The penultimate episode of Game of Thrones, ‘The Battle of the Bastards’ (aka Bastardbowl) was aired a few days ago, and last night I got around to watching it. Episode nine was this season’s equivalent to ‘Hardhome’ from season four and ‘The Watchers on the Wall’ from season three (a pattern emerges) – the big budget battle sequence designed to make viewers gasp and squeal with excited delight.
But, I wasn’t so keen. Again, the script was rife with plotholes, and the battle itself was a shambles. It would’ve been far more interesting to watch a tactically thought-out battle unfold on the outskirts of Winterfell, with Jon using cunning to make up for his inferior forces. Nope, that was too much to ask.
What I wonder is: when will Sansa realise that she is responsible for the death of her brother Rickon and thousands of men from both forces? Why did she keep the Vale army a secret? It makes no sense. Instead of trying to negotiate Rickon’s return and/or advising Jon to hold back and wait for reinforcements, she says nothing, leaving both bastards to believe that Ramsay has the superior force. So Rickon dies, Jon leads thousands of men to slaughter, and the Vale army arrives half an hour after the fight has begun but just in time to save the surrounded remnants of Jon’s shattered army… was this planned? Those still searching for depth in Game of Thrones might speculate that Littlefinger held back, allowing both forces to suffer heavy casualties, swooping in at the last minute to save the day and therefore winning Jon’s gratitude with minimum risk. But, if I’ve learnt anything from the last two seasons it is this – nothing happens for a reason.
Seasons five and six have been an absolute mess. Of course, there were issues with the first four seasons – some wooden acting, bad casting decisions and poor screenwriting & directing – but the source material is so good and the show followed the books so closely that these things seemed petty to pick up on. In other words, Game of Thrones had to be good – it was based on A Song of Ice and Fire.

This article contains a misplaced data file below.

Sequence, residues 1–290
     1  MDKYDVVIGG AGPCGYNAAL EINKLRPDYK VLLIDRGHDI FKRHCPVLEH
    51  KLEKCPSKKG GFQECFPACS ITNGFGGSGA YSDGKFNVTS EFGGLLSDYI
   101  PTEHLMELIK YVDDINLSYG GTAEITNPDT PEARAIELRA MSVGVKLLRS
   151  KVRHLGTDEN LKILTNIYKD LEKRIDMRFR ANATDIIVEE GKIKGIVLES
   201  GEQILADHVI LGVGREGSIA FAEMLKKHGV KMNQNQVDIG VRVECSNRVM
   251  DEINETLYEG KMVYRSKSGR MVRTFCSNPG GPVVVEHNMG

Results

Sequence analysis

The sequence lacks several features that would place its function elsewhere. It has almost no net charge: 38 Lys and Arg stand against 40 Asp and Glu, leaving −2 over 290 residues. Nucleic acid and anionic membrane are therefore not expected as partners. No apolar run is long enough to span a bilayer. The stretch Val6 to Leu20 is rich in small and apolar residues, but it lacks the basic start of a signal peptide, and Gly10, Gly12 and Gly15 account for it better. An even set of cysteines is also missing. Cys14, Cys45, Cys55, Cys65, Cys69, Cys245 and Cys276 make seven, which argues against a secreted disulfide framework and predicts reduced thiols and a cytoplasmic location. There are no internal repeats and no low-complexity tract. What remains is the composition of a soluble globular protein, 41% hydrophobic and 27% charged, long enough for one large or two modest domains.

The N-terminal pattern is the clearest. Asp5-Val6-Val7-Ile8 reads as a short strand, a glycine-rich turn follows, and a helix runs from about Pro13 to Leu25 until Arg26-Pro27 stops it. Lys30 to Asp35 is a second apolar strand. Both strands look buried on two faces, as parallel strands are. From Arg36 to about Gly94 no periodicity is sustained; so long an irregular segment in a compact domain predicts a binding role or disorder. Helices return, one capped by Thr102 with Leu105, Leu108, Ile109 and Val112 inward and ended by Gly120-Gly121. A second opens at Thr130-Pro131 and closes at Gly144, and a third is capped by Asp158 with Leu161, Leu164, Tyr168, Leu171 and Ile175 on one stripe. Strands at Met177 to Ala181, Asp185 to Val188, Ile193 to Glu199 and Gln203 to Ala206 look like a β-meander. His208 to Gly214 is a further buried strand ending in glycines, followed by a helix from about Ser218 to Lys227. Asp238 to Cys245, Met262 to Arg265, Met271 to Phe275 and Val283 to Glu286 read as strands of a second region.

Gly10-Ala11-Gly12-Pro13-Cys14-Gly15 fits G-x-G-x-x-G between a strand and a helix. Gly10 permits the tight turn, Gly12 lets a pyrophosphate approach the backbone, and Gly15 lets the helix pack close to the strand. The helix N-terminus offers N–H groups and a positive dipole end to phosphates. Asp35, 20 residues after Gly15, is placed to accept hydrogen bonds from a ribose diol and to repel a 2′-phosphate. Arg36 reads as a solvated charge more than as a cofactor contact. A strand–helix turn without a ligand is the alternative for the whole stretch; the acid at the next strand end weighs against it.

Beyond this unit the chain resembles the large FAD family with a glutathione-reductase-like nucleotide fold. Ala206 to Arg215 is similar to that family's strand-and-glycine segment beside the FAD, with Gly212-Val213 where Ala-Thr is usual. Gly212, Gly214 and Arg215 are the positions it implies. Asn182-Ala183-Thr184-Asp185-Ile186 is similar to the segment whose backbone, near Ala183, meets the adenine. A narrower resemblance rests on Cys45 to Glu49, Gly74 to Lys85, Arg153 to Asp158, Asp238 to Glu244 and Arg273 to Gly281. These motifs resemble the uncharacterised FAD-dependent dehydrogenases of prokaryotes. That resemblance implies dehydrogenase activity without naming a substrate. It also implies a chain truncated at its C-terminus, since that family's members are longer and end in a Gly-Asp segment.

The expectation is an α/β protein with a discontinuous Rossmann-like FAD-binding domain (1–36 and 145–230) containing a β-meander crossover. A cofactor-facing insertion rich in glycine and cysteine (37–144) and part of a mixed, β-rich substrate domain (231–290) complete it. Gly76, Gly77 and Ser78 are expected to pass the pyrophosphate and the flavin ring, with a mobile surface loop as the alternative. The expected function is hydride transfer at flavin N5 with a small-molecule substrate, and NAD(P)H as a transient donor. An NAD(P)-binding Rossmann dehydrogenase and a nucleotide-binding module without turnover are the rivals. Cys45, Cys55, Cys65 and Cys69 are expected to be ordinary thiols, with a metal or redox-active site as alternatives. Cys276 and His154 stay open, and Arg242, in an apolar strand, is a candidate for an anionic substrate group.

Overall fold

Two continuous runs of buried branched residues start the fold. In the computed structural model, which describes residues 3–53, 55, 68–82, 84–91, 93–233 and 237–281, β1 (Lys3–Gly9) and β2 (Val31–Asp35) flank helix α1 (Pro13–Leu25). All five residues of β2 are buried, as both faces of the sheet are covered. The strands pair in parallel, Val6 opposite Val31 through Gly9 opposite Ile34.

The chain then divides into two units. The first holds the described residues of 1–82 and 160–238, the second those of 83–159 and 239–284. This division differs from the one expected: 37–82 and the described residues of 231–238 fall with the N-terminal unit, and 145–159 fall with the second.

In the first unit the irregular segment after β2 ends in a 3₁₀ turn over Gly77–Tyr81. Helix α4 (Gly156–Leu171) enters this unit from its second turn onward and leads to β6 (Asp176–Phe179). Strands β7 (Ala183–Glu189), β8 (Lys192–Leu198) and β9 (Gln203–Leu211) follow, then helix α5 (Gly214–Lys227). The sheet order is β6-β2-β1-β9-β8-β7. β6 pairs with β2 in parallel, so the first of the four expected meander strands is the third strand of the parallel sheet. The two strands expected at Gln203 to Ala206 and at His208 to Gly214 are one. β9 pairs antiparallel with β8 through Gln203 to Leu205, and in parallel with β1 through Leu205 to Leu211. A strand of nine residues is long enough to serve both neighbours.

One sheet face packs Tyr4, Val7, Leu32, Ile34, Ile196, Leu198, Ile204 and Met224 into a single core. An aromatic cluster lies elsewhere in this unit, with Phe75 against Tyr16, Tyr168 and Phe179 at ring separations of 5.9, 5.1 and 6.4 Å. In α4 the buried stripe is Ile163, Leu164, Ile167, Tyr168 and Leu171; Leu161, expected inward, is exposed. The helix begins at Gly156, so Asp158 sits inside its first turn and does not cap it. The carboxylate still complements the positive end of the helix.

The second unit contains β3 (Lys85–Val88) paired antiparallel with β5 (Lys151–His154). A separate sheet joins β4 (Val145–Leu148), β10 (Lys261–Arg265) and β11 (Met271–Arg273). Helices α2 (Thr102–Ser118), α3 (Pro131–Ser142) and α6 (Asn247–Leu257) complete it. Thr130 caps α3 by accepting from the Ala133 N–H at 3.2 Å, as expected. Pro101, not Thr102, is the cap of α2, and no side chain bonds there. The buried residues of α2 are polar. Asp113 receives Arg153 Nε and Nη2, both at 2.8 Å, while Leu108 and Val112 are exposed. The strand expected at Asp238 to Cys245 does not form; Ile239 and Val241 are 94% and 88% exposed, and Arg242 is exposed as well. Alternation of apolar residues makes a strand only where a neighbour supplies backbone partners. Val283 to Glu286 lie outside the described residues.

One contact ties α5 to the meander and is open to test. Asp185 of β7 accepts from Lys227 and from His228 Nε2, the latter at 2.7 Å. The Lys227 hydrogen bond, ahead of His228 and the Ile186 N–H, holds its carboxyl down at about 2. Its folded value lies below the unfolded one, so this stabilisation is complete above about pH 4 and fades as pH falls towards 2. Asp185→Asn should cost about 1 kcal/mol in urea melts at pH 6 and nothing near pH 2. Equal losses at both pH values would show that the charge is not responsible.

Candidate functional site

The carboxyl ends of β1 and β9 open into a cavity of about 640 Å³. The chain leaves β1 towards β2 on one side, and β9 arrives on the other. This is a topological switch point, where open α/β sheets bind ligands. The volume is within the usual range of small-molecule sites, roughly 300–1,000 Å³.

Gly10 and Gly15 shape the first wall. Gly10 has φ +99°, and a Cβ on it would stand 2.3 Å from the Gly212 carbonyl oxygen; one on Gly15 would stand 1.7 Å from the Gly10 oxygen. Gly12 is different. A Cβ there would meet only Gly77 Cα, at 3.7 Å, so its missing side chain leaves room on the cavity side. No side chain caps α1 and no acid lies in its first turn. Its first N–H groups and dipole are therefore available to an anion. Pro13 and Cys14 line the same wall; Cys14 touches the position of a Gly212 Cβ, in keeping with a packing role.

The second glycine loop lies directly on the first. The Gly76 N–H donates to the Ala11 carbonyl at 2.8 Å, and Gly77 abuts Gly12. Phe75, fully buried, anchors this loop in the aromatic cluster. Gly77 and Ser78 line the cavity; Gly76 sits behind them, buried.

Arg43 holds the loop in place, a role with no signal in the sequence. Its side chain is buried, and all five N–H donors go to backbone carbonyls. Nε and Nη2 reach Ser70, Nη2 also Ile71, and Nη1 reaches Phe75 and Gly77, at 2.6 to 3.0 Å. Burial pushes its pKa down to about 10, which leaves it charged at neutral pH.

Since Game of Thrones veered away from the source material, David Benioff and D.B. Weiss have shown a complete disregard for storytelling, right down to the barebones. Plot, narrative and character are overlooked as secondary to dick jokes, violence, tits and feeble attempts at humour. All the scheming and tension and complexity that courses through the books –and the early seasons – has ceased, and the series stumbles on, dead, like a decaying wight, the reanimated corpse of A Song of Ice and Fire, a skeleton with some vague similarities to its former living self, corrupted and stinking, sans soul.
Season five was all plot no story – each scene purely a plot point, there to push planned events forward in a forced and unentertaining way. The characters were puppets and we could all see the strings. Season six is even worse. The plot has ground to a halt, presumably waiting for The Winds of Winter, and now for every scene that actually has some bearing on the ‘story’ there a four or five irrelevant, throwaway filler scenes, like discussing who would fuck Brienne, putting fingers in bumholes, and telling terrible jokes (a dwarf, a eunuch and a translator walk into a bar). Game of Thrones has become trash TV.